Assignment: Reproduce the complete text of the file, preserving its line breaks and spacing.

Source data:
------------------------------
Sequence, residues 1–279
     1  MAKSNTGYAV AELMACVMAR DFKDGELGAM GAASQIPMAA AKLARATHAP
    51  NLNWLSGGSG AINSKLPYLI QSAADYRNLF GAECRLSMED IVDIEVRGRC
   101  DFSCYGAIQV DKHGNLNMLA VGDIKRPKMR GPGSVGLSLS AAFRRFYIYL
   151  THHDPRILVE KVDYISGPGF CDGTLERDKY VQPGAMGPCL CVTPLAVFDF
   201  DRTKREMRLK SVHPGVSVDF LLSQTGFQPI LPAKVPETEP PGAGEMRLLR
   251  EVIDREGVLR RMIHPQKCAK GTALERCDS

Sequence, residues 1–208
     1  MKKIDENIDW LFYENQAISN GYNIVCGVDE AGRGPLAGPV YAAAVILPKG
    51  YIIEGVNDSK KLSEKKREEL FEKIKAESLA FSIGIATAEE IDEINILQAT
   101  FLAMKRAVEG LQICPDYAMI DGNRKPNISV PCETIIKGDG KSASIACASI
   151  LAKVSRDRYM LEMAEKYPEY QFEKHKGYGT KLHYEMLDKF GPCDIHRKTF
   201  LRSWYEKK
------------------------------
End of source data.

Sequence, residues 1–279
     1  MAKSNTGYAV AELMACVMAR DFKDGELGAM GAASQIPMAA AKLARATHAP
    51  NLNWLSGGSG AINSKLPYLI QSAADYRNLF GAECRLSMED IVDIEVRGRC
   101  DFSCYGAIQV DKHGNLNMLA VGDIKRPKMR GPGSVGLSLS AAFRRFYIYL
   151  THHDPRILVE KVDYISGPGF CDGTLERDKY VQPGAMGPCL CVTPLAVFDF
   201  DRTKREMRLK SVHPGVSVDF LLSQTGFQPI LPAKVPETEP PGAGEMRLLR
   251  EVIDREGVLR RMIHPQKCAK GTALERCDS

Sequence, residues 1–208
     1  MKKIDENIDW LFYENQAISN GYNIVCGVDE AGRGPLAGPV YAAAVILPKG
    51  YIIEGVNDSK KLSEKKREEL FEKIKAESLA FSIGIATAEE IDEINILQAT
   101  FLAMKRAVEG LQICPDYAMI DGNRKPNISV PCETIIKGDG KSASIACASI
   151  LAKVSRDRYM LEMAEKYPEY QFEKHKGYGT KLHYEMLDKF GPCDIHRKTF
   201  LRSWYEKK